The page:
Northwest Arkansas Times from Fayetteville, Arkansas on October 28, 1974 · Page 2
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October 28, 1974

Northwest Arkansas Times from Fayetteville, Arkansas · Page 2

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Monday, October 28, 1974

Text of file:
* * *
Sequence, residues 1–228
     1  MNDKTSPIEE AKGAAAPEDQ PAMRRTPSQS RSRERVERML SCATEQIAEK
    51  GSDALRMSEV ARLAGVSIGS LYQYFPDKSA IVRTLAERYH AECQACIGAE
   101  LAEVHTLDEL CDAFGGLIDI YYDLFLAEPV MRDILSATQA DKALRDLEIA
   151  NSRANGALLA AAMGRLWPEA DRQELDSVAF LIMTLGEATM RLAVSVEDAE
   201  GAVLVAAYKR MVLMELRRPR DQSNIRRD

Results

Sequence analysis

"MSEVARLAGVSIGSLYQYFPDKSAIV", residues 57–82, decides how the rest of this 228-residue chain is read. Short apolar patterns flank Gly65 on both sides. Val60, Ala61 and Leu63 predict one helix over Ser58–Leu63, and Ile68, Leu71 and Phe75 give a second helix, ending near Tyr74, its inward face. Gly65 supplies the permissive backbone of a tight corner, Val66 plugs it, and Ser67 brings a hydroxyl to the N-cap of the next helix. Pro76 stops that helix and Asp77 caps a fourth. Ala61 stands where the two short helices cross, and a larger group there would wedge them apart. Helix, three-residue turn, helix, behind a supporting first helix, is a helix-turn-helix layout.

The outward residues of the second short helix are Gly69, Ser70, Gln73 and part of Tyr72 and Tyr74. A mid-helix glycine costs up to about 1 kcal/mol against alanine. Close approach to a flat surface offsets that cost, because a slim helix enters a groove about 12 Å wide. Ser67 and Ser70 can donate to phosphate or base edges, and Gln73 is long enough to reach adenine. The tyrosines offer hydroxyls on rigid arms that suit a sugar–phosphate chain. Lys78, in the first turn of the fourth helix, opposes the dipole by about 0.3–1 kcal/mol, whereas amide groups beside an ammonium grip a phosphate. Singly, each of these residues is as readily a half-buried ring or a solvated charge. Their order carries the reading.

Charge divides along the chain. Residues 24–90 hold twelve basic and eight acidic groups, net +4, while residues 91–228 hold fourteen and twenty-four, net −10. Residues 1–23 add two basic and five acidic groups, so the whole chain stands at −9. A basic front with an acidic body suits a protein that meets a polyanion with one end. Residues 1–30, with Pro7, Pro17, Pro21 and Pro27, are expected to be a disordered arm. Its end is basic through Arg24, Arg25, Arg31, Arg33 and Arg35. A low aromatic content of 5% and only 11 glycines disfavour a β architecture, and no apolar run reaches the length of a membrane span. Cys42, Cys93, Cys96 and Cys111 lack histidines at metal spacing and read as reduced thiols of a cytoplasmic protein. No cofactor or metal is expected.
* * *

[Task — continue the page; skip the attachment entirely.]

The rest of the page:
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· Northwest Arkan«as TIMES, Mon., Oct. 28, 1974 FAYETTIV1LLE. ARKANSAS DA Museum Plans Textile Craft Show A pioneer textile crntls show, the first ol a of combined mid displays crafts, will be U n i v e r s i t y Museum. An exhibit ion planned series demonstrations traditional 16 at the Arkansas on Nov. of of techniques Building Open and tools used to produce woven, braided, knitted and other fabrics in early Arkansas homes is planned during t h e afternoon. The special o p e n house will begin at 1 p.m. and continue through 4:30 p.m. Weavers, spinners, dyers and others from northwest Arkansas will be on hand to demonstrate their c r a f t s and to explain the skills in their areas of expertise. Special exhibits and demonstrations of fabric decorative arts such as quilting, embroidery, crocheting, tailing and lace making are also planned. Tiie University .Museum is on the third floor of Hotz. Hall, at the intersection of Garland Avenue and Cleveland Street near the north edge of the campus. Visitor parking is available on weekends in the unpaved lot on the east side of Hotz Hall. The museum has recently moved to this location and permanent exhibits are still in preparation. Kennedy Says He Prayed Woman Survived Waters ' -There were 125 persons in attendance al the rihhnn cutting ^ceremonies Friday which ^opened Ihe new public health "center building on Woolsey " -Street. County officials on hand to greet guests for the open house included Bill Pa- rclte (left) and Mrs. Muriel Anderson, nursing supervisor. County Judge Vol L e s I e r (right) cut flic rihhnn which opened the new facility. Also ·on hand were UIB architect, Blum Denlmm; the contractor Jack Burge and Dr. R e x Ramsey, of the Arkansas Department of Health. (TIMES- uhoto by Chuck Cunningham) Hunt (CONTINUED FROM PAGE 1) court witness. The government told U.S. District Judge John J. Sirica last week that Hunt had not been "entirely candid" with the grand jury and asked that he be called as a court witness, from both prosecution and defense. "Even after being granted immunity, Mr. Hunt cooperated with the investigation only grudgingly and, we believe, incompletely," the government told Sirica. The distrust was mutual. Richard Ben-Veniste, an assistant s p e c i a l prosecutor scheduled to question Hunt- was described 'by Hunt in a new book as "a curly-he adedi sums, abrasive young man," who ''was actually encouraging me to perjure myself." Union Spends Million On Campaign By BROOKS JACKSON WASINGTON (AP) -- The political trust run by the AFL- CIO has spent $1.4 million on politics this year, its test campaign finance reports show. The national trust run by the American Medical Association has -spent $792,697 in the same period, and its 38 slate com- miltees have spent addiliona] Popuiaiion Of Elderly Said To Be BOSTON power! "Empty-nesters, (AP) -- S e n i o r the plus- 65ers, senior citizens -- call them what you will. "The important fact is that the elderly will play an increasingly prominent role in the nation's economic and social life at decade's end." So says Jackson W. Goss, president and chief executive officer of Investors Morlgage Insurance Co. here. There will be more than 24 million senior citizens- in the nation by that time. The over- i5 population will increase at a rate of approximately 11 per cent as compared with the national populalion gain of little more than 5.5 per cent. "This population impact will be felt most particularly by the housing sector," Goss notes. He offers a preview of \"*at the older generation will demand for shelter by 1980. 4-H Club News SASNAKRA '. Members wiU participate in the drive to raise money for the United Nations Children's Fund in the annual UNICEF ·Irick-or Treat drive at Hallo- .we'en. The drive will start after school October 28. Plans for the cluo awards Banquet November 16 at Lincoln High School cafeteria were Discussed. ·; Nick Jacobs presented ^demonstration on geology anil Cheryl Childs reported on her sewing class. Siegle Bell gave H i g h l i g h t s of the county achievement banquet when the club and county champion club was named state h o n o r Mrs. Sheila Camp was elected main leader. ·'.' Susie West The AMA's spending ollowcd by that of the United uta "Workers union, which has penl-1763,395 this year. These were the largest totals jotted in a review of the latest a m p a i g n finance reports, hich arrived in Washington ast week. The reports cover ie period between Sept. 1 and ct. 14, and give totals for the ear so Far. Another wave of eports is due late this week, overing all but the final week nri a half before the Nov. 5 lection. A number of other groups Five spent more than half a lillion dollars so far this year. 'hey include the International a d i e s Garment Workers Union, $516.975; The Machinists mion, $500,690; The Maritime Engineers union, $552,059; and T eachers Association, $576,966. Those spending more than a quarter-million dollars include h e Steelworkers union, 1297,317; the Railway Clerks ; BETHEL GROVE · ;.-Cheryl Sachs and Terry !Hohbs were welcomed as nev 4-H members at the October meeting. A total of 26 members ;a'nd several adult leaders wen ^present. Plans were made fo: .the club awards banquet and (Jiscussion held on entering the Icpunty promotion poster am' ·tiRsay contest. Reports of member partie: ·Jiation in county, district ani %ate fairs were given. ·" Karen Caselma: ' FAEL RUOF ' C l u b committee reports an 'plans for holiday parties an ;Ciittire programs highlighted th lOctober business session. ·'. There were ten members an one leader present and demon .strations on veterinary scicnc and geology were presented. Joannette Lew £riumii£! ' 213 N*. Easl ATP. FayeKeTlHe. ArV. 72701 Published daily and Sunday exc .January I, July 4, Thanksgiving and Cnristmas, Second Class Postage Paid at Kaye devil! e. Ark. ASSOCIATED PRFSS The Associated Press Is entitled exclusive ly lo the u se for republic** ·tion of all local nws printed in thla newspaper as well as all AP newt dispatches. SCBSC1UTTIOX KATES Etleotve October 1. 1373 RomA Delivery Per month by carrier J3.25 £JInK!e copy daily IDe. Sunday 2Sc U.S. Mall In Washinzlon, Benlon, rad1soa Coon(Jes, Ark., Adalr Co., Okla.: 3 month* . 6 monttis 1 YEAR . _ City Box Section Outside above counties; , 5 months __ · B months . -1 yEAH . 16,00 30.00 40. M , $9.50 , 13.00 .OQ FAYART.E IN ADVANCE BOSTON (AP) -- Sen. Edward M. Kennedy says lhat after Mary Jo Kopechnc t drowned at Chappaquiddick, he , hoped for several hours Ihnl she had somehow survived. Kennedy, in the second part of a copyright interview published today in the Boston Globe, explained his actions after the accident five years ago. Kennedy did not report the accident until aboul eight hours after his car plunged off a narrow bridge into a lidal pond on Chappaquiddick Island. When asked about it by riends, Kennedy said he told hem about "my own anguish md anxiety of that evening, the noughts lhal went through my nind, my sense and feeling hat somehow it h a d been al- nost miraculous that I had escaped from lhat car and I had act given up hope all night long hat by some miracle Mary Jo vould have escaped from the car as well. "I never recalled how I was able to get out from the car and that perhaps by some grace of God that she may OlIHIDIIIDIIIlllin^^ Obituary llllltini!tl|[llil!llllllll[[ll!1llll]flllIilltllfll[]lt!l]lllW^ RUFUS B. STOUT Rufus B. Slout, 67, formerly of Dutch Mills, died Sunday at his home in Perry. Okla. Born April 15, 1907 at Slilwell', Okla., the son of Walter J. and Carrie Scraper Stout., he was a Baptist. Survivors are his widow, Mrs. Iva Howell Slout of the home; one son. Everet of Perry; three daughters, Mrs, Norma Jean Zirnp and Mrs. Evelyn Stillman of Perry, and Mrs. Wynema Bay of Orlando, Okla.; four brothers, Arley and Carl of Clamalh Falls, Ore.. Henry of Big Pine, Cailf., 'and Denver of Los Angeles, Calif.; Ihree sisters, Mrs. Ina Ralph of Rogers, Mrs. Jewell Riggs of HIRAM TRESNER Whittier, Calif. -- Hiram "Buster" Tresner. 64, a former Favelteville resident, died Sunday. Born Sept. 13, 1910 in Fay- etleville, he was a member of the Nazarene Church. Survivors include, two brothers, Jim of Livingwheel, Calif, and Orla of Fayetleville; and three sisters, Mrs. Pear] Ferguson of B'ayetteville, Mrs. Myrtle Cox of Santa Cruz, Caif., and Mrs. Tot Redwine of Gar- Funeral services will be helc at Hillside Church in Whittier Thursday. Burial will be conducted at Ihe Whittier Rosehill Cemetery. A m j i r i l l n Tfv a n d Mr' 3 Kali* 1 Munyon of Cane Hill. , RUBEN TISON Funeral will be Wednesday at Ruben Curtis Tisnn. fi4. nf Perry with burial in Sumner Klamath Falls. Ore.. Henry of with Parker Funeral Home in charge of arrangements. MRS. THELMA DRAIN Mrs. Thelma Marie Mitchell . Drain, 60, of Fayelteville, died Sunday in a local hospital. Born Dec. 17, 1913 in Fayetteville, she was the daughter of Andrew J. and Anna Nora Hamilton - Mitchell. Survivors are her husband, - Troy Drain of the home; nine sons, Ricky, Bobby and Johnny of the home, AlV'in, Bonnie, Ju; nior, Billy and Jackie of Fay^ etteville,' and Wayne of Prairie Grove; one brother, W. R. Mil- 1 chell of Fayetteville; one sis- B ter, Mrs. Kathleen Stewart of - Fayetteville; and a half sister. a Mrs. Alma Bleendell of Fayr etteville; 14 grandchildren and - three great grandchildren. e Funeral will be at 2 p.m. Wednesday at Moore's Chapel 1 with burial in Evergreen Ceme- a terv t MKS. CONNIE REED 3. S i 1 o a m Springs Mrs f!nnnip TClizahpfh TJppri. 39._ n Springdale, died Saturday in a Fayetteville nursing home. He was born April 13, 1910 in Durant, Okla.. the s o n o William and Ada Gulp Tison, and was a member of the Ful Gospel Church. He is survived by the widow, Mrs. Mary Dixon Tison of the home; three sons, Gary Gene of Florence, Ariz., Joe Lee of Casa Grande, Ariz., and Larry of William, Ariz.; four daughters, Mrs. Martha Ann England of Maricopa, ^riz.. Mrs. Kay Wolfe of Springdale, Mrs. Linda Smith of Key West,. Fla., am Mrs. Carol Lovejoy of Tulsa, Okla.; two brothers, Almus o Cove, Ark. and Ben of Arvan, Calif.; three sisters, Mrs. Ola Smith, Mrs. Peggy Blackburn and Mrs. Kate Wade, all of Ada, Okla. and 23 grandchildren. Funeral service will be 4:; p.m. Tuesday in the chapel o Melson's Funeral Home with burial in Farview Memoria Gardens. . . . MRS. REBECCA SPURLOCK Police Arrest Two Men In Seneca, Mo. Burglary ave gotten out and that when e dawn came and Mary Jo ctually returned lo the cottage nd how about--how 1 actually illod that all night long nnc ow I had really hoped tha as going to be and prayec lat was going to be Ihe case.' Kennedy said he told two as ociates that he would go bad Edgartown to report the ac dent lo police but nearly rowned when he swam the lannel that separates the land from the village. He said, "By the time that I rrived on the other shore. I as absolutely spent. Absolute- exhausted. And just saying 'I usl can't do it, I just can't do I just can't do it.' I remem- r walking up toward the liretown Inn and walking trough the front entranqe and ust going up lo my room." The accident occurred July 18. 969, When Kennedy dropped ut of contention last month for 1976 Democratic presiden- al nomination, he said Chap- aquiddick was not a factor but Fayctlevillc police arrested two men late Saturday night in connection will) n burglary Thursday al a S e n e c a , Mo., plant in which S237 in cash, n S250 check, an electronic ralcu lalor iind several-.oilier ilcms were taken. The men, identified as Gary Allen Thomasson, 20, of Miami, Okla.. a n d Patrick E u g e n e ould have been a campaign .sue. The accident occurred after a arty held on the island for oung women who had worked or Sen. Robert F. Kennedy, D- V.Y. Kennedy s a i d Miss Ko- echne had asked for a ride jack to her hotel in Edgartown. "Let me say there has been a great deal of ugly speculation about the conduct of Mary Jo and myself which is completely naccurate and completely un- rue . . . and the defamation or .(tempted defamation of her character is one of the aspects I regret most deeply," Kennedy "There has been a good deal of ugly speculation of other as- lects of this. I recognize that. tVe are talking really about a ireat deal of irrational behavior, which I take responsibility : or .. ." Mansfield (CONTINUED FHOM PAGE I) when it returns after the November elections, thai President Ford has not taken Ihe initiative to fight inflation a that Ford's proposed 5 per cent surtax is wrong. Simon said administration policies have to be given time to work and lie said lhat 35 pieces of legislation have been porposed lo go along with Ford's economic program. He said gasoline rationing is not needed, and he defended Ihe surlax proposal. Simon also said Congress would approve a windfall profits tax on excess corporation profits, but be salt that many corporations appeal lo have excessive profits now because of inflation and outdated accounting methods. Simon blamed much of the nation's current economic woe? o n excessive spending, which governmeni he said ha? been the case for 14 of the pas' 15 years. Trio Prestige Suffers BONN, West Germany (AP -- Chancellor Helmut Schmidt' prestige has suffered a shar setback in his socialist party' first electoral lest since lie n placed Willy Brandt in May. The conservatives gained i two major state elections Sun day. The chief factor was be lieved to be fear of uncmploj mcnt and uncertainty about th economy despite Schmidt's r pcated reminders that Wes Germany has lower unemploj ment and inflation rales lha any other industrialized coun try. mated eight to 10 g r e e n vegetable "There be an unprece- inion. $251,909; the trust run by real estate dealers, $272,092; and the trust established by the National Association of Manu- 'acturers, $257,936. A trust run y California dentists has spent $311,845, more than half of it given to state-level candidates. The listing is not comprehen- :ive because some reports are tardy, and because some groups such as the Teamsters and the AMA give money through a welter of slate and local committees that makes Ihe bookkeeping complicated. But the list gives some idea of which groups are spending large sums to influence this year s congressional and state elections. The largest single gift spotted in the current flock of reports was $10.000 from the garment workers to Hugh L. Carey, the D e m o c r a t i c candidate f o r governor of New York .,? ern - Birch 'Bayh, D-Ind., got $lo,000 from the Auto Workers %"} .?"° th !r WOO from the Retail Clerks union. The AFL-CIO passed out gifts of $10 i.OOO each to Sen. Warren T *: !a S n uson, D-Wash., Sen Jacob K. Javils, R-N.y., a n "j Gary Hart, the former Me- Govern campaign manager who ' s TMnn,ng for the Senate in Colorado. Magnuson now has dented demand for smaller dwellings." Goss. says. "Small .ownhouses-ol- one and two-bedroom apartments or condominium units will be popular. The latter -- which made a surge as the top choice of the elderly in the late '60s -- will be top choice again in 1980." Reason? Low maintenance, compact quarters, privacy -and, most importantly, the combination of shelter plus an investment in real estate. "Many older people consider the condominium an effective inflation-fighting tool. For some it represents a legacy for their offspring," Goss points out. He also sees PUDs -planned unit developments -appealing to the Golden Years people. "Complete with gathering places and recreation, the banned communities have an added dividend of allowing the oldsters to shop and mingle with the younger generation." A "keep-young-by-living-near- the-young" philosophy will pre- Maysville, died Saturday at a S i 1 o a m Springs hospital, following an extended illness. Born -July 15, 1942. at Siloarn Springs, most of her life was spent in the Gentry area. She was a member of the Immanuel Baptist Church of Maysville. S u r v i v o r s husband, David include Reed, of her the home; a daughter, Pennie of the home; her parents, Mr. and Mrs. Burtice Woody of Gentry; a brother, Ben Woody of Okmulgee, Okla.; her maternal grandparents, Mr. and Mrs. Ben Peabody of Gentry. Funeral service will be at 1C a.m. Tuesday at the First (CONTINUED FROM PAGE ONE) inform Snyder's friends of the accident and discovered an esti- pounds of substance, police believe is marijuana, and several items reported stolen late the previous evening. The suspected marijuana and merchandise were found in the room occupied by Sellers and With Apologies ROCK HILL, S.C. (AP) -gourmet restaurant at a loc motel offered "truite au amendes" on its French mem The management thought Cowart. The w i t h o u t girl was released charges after . Elizabeth Spurlock, 84, of Huntsville died Sunday in Madison County born Aug. Hospital. She was 1880, at Aurora, the daughter of John Henry and Ellen Lee McElhaney. She is survived by two sons, Ernest and James, both of Huntsville; three daughters, Mrs. Erma Knowles of Berryville, Mrs. Norma Keeter of Harrison a n d Mrs. M i l d r e d Kelso of Conway; one brother. C h a r l e s L. McElhaney of Springdale; one sister. Mrs. May Scott of Joplin, Mo., and six grandchildren and one great-grandchild. II you cannot reach your TIMES carrier IDENTIFIED BY OWNER The ifems found were a :tereo amplifier, turntable, two els of earphones and a toolbox., all valued at more than $900. The items were identified by heir owner, Pat Porter of 780 V. Center St., who had reported hem missing at 11:30 p m Sunday night. Porter said the terns were taken sometime Between Thursday and Sunday. JQU[(J( [ASH' Baptist Church of Gentry.],, Funeral service will be 2 p.m. Burial will be in the Gentry '"""'"" "' T3 -v - ^ ' Cemetery under direction of the Wasson Funeral Home. MRS. KATE LOUX Maysville Mrs. Kate L e e Tuesday at Brashears Funeral Home chapel with burial in Aurora Cemetery. Loux, 79, of Sunday at a Maysville, died Siloarn Springs vail, Goss emphasizes. preference geared ex- Another housing will be complexes ,, clusivcly to elderly retirees. "Mobile in attitude but permanent in residence, these retirement villages will attract Ihose who choose to live near people their own age -- and with similar work-world backgrounds," he explains. hospital. Born Feb. 6, 1895, at Maysville, she was a member of the Maysville Bible Church. She was the widow of the late W. R. Loux, who died in 1961. Survivors include a son, Maurice, of Maysville; a daughter, Mrs. Irene Truilt, of Decatur; five grandchildren and six great-grandchildren. Funeral service will be at 2 p.m. Tuesday at the Maysville Bible Church, Maysville. Burial will be in the Maysville Cemetery, under direction of line Wasson Funeral Home. Funerals Carl H. Wil'iams, Tuesday; Ridgeview Church; burial in 10 a.m. Baptist Fair view Memorial Garden. A memorial fund has been established at Ridgeview Baptist Church. Otto (Tolie) Gage: 2 p.m Tuesday, chapel of Nelson's Funeral Home, burial in Ever meant But it "trout with almonds, actually means "troi rtf " with apologies." MISSED YOUR PAPER WE'RE SORRY! PHONE Dally 5 to 0:30 p.m. Saturday 3 to 6 p.m. Sunday 8 to 9:30 a.m. Porter's roommate, M5ke Tait, also reported the theft of about $300 worth of camera equipment and $150 cash, jut told police that the theft occurred between Oct. 18 and 20 Synder, Sellers and Cowart are being held in lieu of $10,000 bond each. But (CONTINUED PHOM PACE I) was helping to build up support t 1 _ Hussein - among the other Arab governments. The dispute postponed conference discussion of Secretary of State Henry A. Kissinger's proposal that the next step in the Arab-Israeli peacemaking process be individual, bilateral ne- . gptiations between Israel and green Cemetery. Honorariums | Egypt, Syria and Jordan for n .. The , Au 'o Workers gave two gifts t o t a l i n g $19,000 to Democratic Rep. RichartHF. Vander \.cen, who won a special election earlier this year to replace vaeant t nh * Au ,-° Workc " also have two donations totaling $17,000 to John S. Reuther, Democratic candidate for congress against Rep. Marvin L. Esch, R-Mich., of Ann Arbor, Reuther is a nephew of the late Walter Reuther, founder of the union. The Auto Workers also gave gifts totaling $13,000 to former astronaut John Glenn, Democratic Senate candidate from Ohio. may be sent to the Ridgeview Baptist Church. RE-ELECT REPRESENTATIVE CHARLES w. STEWART WHO · By Experience Is Effective · Has Tenure To Be In Positions of Responsibility · Has A Proven Record · Makes Impartial Decisions · Gives the Office Stability and Character · Believes Accomplishments Are Made by Teamwork These Qualities Should Not Be Changed Paid for by Joanne Stewart more Israelijroop withdrawals. ow, 27, of Seneca were later leased to Missouri uuUioritlcs. Sgt. Bob 'Jones said Fiiyclte- Ic police were notified at out 8:05 p.m. Saturday that c men had attempted lo cash large check on Eaglc-Pichcr diistries of Seneca at a local rvicc station. The owner of c service station furnished ilicc with a description of the hide nnd its occupants. Sgt. Jones said that a short no later, the vehicle was und on a pnrktng lot at a scount store on North College venue ant! the two men were ken into custody. An electronic calculator was und inside the ear, Jones said. Ransom Paid M I L A N , Italy (AP) -- An Ml- n industrialist who was kid- aped 20 days ngo lias been re- ased after his f a m i l y report- dly paid a $1.15 million rail- cm, officials said today. Alfredo Parabiaghi, '14, owner a heating fuel company, was cetl on the outskirts of Milan uiKlay night and took a taxt omq. He appeared to be tired nd in poor health. His father reportedly paid the ansom during the weekend. °eop!e Helping People Directors of mk Funeral Service *ijt Services; GAGE, Ootto (Tobe) _ Tuesday, 2:00 p.m. Chapel of Nelson's Funeral Home. Ilev. Doyle Wesson officiating, assisted by TCev. Ewcll Lo£ue. Interment, Evergreen Cemetery. TISON, Ruben Curtis -- Tuesday, 4:30 p.m. Chapel of Nelson's Funeral Home. Rev. Ray Hassell officiating. Interment, Fnirview Memorial Gardens. NAPIER, Mrs. Mae Myrtle -Monday, 2:00 p.m. McCord Church. Ilev. Basil Lcdford officiating. Inlermenl, McCord Cemetery. If you're like most other fol around here, some extra cash would come in handy right now! And it might be easier to come by than you think! . . . Look around the house and pick out the items you never use any more. Then pick up the phone and place an inexpensive Classified Ad offering these items for aale. It will oe no time at all before your phone will start ringing and you can get together with prospective buyers. That's what we call QUICK CASH! radio, 1WO DAT5UN, air-condiUoninft. blue, excellent condition, new tires, Call XKX-XXXX alter 5:M p.m. This ad found a cash buyer, and it didn't take long at all. To place your ad call 442-6242, and, ask for Classified. Take advantage of our special weekly rate: 18 words, 7 days, $6.84, cancel-when you get results and be charged only for the number of days the ad actually ran. NO HAPPY HELLO... .,. Ts ever quite equal to the warm welcome extended to newcomers by the Welcome Wagon Hostess. Her smile may be no brighter, her greeting n ° rnore cheerful, hut she's made the welcome m ore a work of art than a mere greeting . . . complete with a galaxy of gifts and helpful Information on schools, churches, shops and community facilities. So when a new neighbor moves In, follow up your happy hello with a Welcome Wagon greeting. A Hostess awaits your call at Phone WELCOME NEWCOMERS! Uie this coupon lo let us know you're here. Name «. Address City { } Please have 4h« Welcome Wagon Hostess call on me. ( J 1 would tike to suiscribe to the N..V. A r k . TIIAES [ | I already subscribe to the* TIMES. Fill out the coupon and mail to TIMES BOX D, Fayetteville, ArK. \on FUNERAL HOMEJNC. SERVING FAYETFEVULE-SPRINGDAIE AND IHE twin CITIES AREA... ' OJANtB.Nu.SO((.PB[SID£tn The First Step Our first responsibility to every family we help is to determine their individual requirements . .. and then to do all we can to fulfill them. r D* THTIXXMIJIUIC